Addressing Implicit Bias in the Social-Impact Sector was originally published on Idealist Careers.
The potential to work on programs that promote equity and social justice is what draws many of us to the social-impact field. But biases based on race, gender, and other factors are still a real problem in the nonprofit sector—and are often present in the form of implicit bias.
What is implicit bias, and how does it manifest in the workplace?
Implicit bias refers to unconscious bias—unintentional stereotypes, assumptions, or generalizations that influence our actions and judgment. Like explicit bias, implicit bias can be favorable or unfavorable. In the workplace, implicit bias can affect hiring, decision making, and interactions with coworkers. The following scenarios all demonstrate implicit bias:
- A hiring manager has an “affinity bias,” unknowingly selecting candidates with a background similar to his own, and rejecting other candidates based on lack of “culture fit.”
- A working mom is perceived by coworkers as being less devoted to work and taking more time off for family reasons, when in fact she takes the same amount of time off as other employees.
- As Asian-American employee is consistently given a larger workload than his coworkers.
- An African-American manager is repeatedly passed over for promotion to a senior leadership role, in spite of their qualifications and great performance reviews.
Is implicit bias a problem in the social-impact space?
Because implicit biases are unconscious, they may be in direct opposition to what we say we believe. Most social-impact professionals undoubtedly believe they are working against racism and sexism, but the fact remains that:
- Approximately 80% of leadership positions in nonprofits and foundations are held by white people, despite candidates of color having the same credentials.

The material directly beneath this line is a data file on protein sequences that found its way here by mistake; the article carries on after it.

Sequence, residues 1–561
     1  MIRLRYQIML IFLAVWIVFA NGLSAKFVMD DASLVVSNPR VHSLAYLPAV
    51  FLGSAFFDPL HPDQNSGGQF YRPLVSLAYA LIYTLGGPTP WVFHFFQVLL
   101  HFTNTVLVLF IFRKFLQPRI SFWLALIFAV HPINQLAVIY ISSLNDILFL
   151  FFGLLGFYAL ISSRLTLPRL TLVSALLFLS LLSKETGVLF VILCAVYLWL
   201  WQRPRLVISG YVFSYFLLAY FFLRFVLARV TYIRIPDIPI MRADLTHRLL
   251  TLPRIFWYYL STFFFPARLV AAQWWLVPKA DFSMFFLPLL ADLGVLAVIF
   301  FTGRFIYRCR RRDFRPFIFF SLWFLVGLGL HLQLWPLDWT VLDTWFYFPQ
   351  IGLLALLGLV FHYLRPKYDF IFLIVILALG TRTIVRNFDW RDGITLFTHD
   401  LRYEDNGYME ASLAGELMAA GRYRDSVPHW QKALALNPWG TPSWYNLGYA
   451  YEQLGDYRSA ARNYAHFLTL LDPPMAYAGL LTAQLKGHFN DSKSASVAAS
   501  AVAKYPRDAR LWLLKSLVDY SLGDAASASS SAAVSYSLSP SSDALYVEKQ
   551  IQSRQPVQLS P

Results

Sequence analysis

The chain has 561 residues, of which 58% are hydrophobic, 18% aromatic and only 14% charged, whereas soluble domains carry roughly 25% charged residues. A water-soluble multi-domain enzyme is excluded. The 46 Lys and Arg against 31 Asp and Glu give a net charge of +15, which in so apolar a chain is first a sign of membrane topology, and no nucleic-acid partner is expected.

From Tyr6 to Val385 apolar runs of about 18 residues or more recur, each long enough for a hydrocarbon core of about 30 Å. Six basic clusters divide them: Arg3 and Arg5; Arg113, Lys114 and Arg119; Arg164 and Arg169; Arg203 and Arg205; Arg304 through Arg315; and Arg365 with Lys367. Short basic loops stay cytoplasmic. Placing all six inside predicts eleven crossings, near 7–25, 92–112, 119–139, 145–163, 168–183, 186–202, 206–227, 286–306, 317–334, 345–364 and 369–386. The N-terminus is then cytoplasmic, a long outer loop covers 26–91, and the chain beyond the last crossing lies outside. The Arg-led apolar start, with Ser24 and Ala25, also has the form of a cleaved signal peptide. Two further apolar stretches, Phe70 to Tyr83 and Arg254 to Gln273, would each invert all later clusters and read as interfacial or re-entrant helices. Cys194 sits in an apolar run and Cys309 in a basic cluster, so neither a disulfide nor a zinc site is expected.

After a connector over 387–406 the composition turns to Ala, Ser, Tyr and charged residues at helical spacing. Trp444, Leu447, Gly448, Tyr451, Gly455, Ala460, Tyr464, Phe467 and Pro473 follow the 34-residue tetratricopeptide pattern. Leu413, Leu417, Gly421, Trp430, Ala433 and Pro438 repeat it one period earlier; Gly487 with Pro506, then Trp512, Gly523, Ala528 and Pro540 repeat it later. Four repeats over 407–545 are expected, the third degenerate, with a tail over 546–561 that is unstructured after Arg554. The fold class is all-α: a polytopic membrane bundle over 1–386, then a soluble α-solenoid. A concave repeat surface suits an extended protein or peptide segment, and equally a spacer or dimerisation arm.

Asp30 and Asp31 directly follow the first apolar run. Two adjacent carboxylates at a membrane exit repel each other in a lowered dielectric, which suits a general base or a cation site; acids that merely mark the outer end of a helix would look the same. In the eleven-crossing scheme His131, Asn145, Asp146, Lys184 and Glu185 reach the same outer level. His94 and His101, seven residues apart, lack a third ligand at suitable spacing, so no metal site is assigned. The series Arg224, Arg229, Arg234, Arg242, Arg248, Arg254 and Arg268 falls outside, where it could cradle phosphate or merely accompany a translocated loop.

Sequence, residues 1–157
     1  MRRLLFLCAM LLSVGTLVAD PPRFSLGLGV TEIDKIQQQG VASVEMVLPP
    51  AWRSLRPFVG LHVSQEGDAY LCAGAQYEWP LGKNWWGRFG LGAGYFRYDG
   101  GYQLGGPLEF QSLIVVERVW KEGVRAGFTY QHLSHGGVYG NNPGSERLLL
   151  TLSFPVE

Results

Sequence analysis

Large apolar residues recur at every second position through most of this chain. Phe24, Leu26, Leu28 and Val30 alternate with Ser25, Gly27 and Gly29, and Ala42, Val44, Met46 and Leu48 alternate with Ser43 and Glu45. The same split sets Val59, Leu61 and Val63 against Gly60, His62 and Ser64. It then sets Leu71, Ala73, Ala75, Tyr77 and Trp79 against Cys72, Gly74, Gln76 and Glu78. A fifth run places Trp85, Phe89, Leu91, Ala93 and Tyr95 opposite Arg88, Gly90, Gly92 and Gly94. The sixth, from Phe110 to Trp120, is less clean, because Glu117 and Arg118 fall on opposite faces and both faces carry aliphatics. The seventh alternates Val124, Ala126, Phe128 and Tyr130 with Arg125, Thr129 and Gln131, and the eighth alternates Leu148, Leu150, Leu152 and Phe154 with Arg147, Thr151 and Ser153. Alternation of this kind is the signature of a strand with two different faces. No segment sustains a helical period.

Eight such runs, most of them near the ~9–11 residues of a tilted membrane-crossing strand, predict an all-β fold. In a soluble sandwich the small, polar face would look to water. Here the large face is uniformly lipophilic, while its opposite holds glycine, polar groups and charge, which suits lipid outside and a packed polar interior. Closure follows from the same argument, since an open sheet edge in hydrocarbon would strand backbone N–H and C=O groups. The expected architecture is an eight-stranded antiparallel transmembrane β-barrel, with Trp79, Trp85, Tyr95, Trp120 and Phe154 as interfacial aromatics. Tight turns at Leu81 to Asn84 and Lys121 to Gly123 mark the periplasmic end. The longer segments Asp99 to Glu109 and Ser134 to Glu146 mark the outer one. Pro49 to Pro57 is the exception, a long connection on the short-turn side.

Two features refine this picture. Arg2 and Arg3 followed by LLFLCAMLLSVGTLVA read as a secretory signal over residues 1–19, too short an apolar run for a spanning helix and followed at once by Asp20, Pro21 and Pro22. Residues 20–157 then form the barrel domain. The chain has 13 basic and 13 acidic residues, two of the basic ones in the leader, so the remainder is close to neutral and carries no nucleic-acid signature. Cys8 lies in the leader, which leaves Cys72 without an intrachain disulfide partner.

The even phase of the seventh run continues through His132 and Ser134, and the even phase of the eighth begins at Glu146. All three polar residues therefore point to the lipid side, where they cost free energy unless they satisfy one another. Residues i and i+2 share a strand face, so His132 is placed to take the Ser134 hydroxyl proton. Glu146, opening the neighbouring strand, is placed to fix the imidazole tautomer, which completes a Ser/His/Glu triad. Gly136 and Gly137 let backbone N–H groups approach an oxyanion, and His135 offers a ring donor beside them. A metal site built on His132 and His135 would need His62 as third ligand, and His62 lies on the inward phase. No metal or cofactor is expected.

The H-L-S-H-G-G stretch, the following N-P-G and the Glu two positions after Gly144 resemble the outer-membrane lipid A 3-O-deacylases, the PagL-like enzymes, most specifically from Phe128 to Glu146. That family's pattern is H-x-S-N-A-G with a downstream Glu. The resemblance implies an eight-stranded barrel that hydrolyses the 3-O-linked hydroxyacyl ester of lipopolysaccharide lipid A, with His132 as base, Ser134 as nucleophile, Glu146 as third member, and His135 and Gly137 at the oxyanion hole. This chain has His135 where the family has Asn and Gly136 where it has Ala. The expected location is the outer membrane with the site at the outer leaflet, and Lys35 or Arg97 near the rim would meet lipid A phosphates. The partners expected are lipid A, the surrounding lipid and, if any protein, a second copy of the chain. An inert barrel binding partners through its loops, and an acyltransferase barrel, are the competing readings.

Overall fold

- According to the 2018 Guidestar Nonprofit Compensation report, female CEOs of nonprofits earn 4% to 20% less than their male counterparts.
- A 2012 study by the Greenlining Institute found that “communities of color receive less than 5% of all charitable donations from the more than 72,000 foundations in the country.”
Clearly, implicit bias affects not only interpersonal relationships, but also the diversity of an organization’s leadership and the actual outcomes of grantmaking and social impact projects. Each decision informed by implicit biases can have a far-reaching impact within organizations and the communities they serve.
What can individuals and organizations do to counter implicit bias?
There are concrete steps that can be taken to counter implicit bias, but first the problem has to be recognized. Organizations can work to:
- Require implicit bias training for all levels of staff and leadership to identify and better understand the impact of implicit bias.
- Ensure that candidates’ names are hidden in resume reviews, preventing bias based on perceived race or gender.
- Encourage hiring managers to look for candidates outside of their own networks, which are often homogenous.
- Hold leadership accountable for retaining and promoting people of color.
- Include underrepresented groups in decision making when it comes to funding and philanthropic giving.
- Collect data and continuously monitor outcomes to ensure that hiring, promotion, or funding diversity goals are being met.
If you’re interested in uncovering your own hidden biases, Project Implicit offers online “Implicit Association Tests” that provide an interesting insight into your own beliefs and stereotypes.
Have you ever experienced implicit bias in the workplace? What did you do to address it? Share your thoughts with us.